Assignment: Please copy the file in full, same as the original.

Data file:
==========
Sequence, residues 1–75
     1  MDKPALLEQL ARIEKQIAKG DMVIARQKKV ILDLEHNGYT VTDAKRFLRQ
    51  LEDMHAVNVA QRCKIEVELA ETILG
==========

Sequence, residues 1–75
     1  MDKPALLEQL ARIEKQIAKG DMVIARQKKV ILDLEHNGYT VTDAKRFLRQ
    51  LEDMHAVNVA QRCKIEVELA ETILG